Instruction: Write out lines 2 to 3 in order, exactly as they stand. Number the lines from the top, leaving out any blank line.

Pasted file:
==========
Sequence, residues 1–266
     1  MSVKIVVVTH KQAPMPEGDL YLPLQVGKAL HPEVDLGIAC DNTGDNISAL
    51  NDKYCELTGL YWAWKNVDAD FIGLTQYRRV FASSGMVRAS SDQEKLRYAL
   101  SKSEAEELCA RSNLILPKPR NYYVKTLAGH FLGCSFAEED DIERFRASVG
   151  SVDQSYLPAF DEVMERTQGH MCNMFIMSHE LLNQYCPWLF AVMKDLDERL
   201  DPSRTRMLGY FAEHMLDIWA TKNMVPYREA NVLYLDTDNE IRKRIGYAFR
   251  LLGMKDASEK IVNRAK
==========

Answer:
     1  MSVKIVVVTH KQAPMPEGDL YLPLQVGKAL HPEVDLGIAC DNTGDNISAL
    51  NDKYCELTGL YWAWKNVDAD FIGLTQYRRV FASSGMVRAS SDQEKLRYAL